National Catholic Reporter reports that Gonzaga University, a Jesuit-run institution in the state of Washington, released a 46-page report on Sept. 1 from its University Commission on Gonzaga’s Response to the Catholic Sexual Abuse Crisis.
The commission’s work coincided with media reports that detailed a decades long pattern of sexually abusive Jesuits being permitted to live on campus while being shielded from accountability.
The Gonzaga report symbolizes the culmination of more than a year’s worth of commission meetings, presentations at faculty conferences, lectures and open listening sessions for students, faculty and staff where deep reservoirs of community pain, hurt and distrust related to sex abuse in the church and the university’s own complicity in the crisis were made evident.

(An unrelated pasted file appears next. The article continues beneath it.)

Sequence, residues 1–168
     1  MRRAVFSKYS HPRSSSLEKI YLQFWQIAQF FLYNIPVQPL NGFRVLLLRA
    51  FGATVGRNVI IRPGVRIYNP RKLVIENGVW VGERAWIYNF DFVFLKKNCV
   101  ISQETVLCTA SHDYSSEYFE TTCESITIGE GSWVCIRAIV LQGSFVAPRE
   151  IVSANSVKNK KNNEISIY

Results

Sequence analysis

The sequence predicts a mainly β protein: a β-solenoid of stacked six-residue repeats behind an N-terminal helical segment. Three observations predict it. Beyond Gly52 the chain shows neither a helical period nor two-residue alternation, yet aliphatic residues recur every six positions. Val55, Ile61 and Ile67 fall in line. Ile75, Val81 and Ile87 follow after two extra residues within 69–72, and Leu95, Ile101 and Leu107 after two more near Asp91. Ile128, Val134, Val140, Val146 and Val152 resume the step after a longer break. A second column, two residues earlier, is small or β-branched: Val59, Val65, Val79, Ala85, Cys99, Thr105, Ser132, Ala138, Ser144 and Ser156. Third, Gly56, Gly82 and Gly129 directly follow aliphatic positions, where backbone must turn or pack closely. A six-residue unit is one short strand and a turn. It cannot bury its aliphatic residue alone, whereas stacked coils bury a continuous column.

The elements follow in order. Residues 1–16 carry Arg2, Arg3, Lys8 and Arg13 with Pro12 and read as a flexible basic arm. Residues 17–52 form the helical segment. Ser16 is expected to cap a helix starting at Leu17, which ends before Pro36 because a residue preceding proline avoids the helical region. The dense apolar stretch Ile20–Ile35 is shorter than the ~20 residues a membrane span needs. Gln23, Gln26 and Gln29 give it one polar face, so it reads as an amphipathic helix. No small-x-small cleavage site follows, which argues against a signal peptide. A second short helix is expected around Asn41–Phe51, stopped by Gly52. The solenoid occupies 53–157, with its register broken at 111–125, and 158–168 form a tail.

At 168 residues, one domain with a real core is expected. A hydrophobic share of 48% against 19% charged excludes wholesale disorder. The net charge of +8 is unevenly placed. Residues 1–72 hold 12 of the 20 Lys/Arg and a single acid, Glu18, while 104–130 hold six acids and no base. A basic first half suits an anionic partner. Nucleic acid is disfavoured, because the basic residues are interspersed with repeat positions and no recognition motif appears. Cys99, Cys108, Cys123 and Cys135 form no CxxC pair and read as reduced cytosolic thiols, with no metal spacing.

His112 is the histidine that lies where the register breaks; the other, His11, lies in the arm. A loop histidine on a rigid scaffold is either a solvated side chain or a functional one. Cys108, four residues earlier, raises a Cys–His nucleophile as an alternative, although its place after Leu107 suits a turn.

“We could not and did not want to ignore the reality that this had actually impacted people right here as well,” Gonzaga University President Thayne McCulloh told NCR in a Sept. 1 interview to discuss the report.
But some Catholics expressed skepticism about the report:
“Just the spectacle of a group of academics entirely beholden to the person they’re advising, for the most part, dancing around the issue; that, I think, is my first takeaway,” said McKiernan, who in an interview with NCR said the report sidesteps uncomfortable questions about the relationship between Gonzaga and the Jesuits’ U.S. West Province.
McKiernan said that by his count, the province had at least 34 men credibly accused of sexual abuse who worked or were housed at Gonzaga’s campus over the years.
“Nowhere in the report, as far as I can see, is there any interest in figuring out who made these decisions, and actually advising or even establishing some kind of accountability about what happened. You just don’t see it,” McKiernan said.
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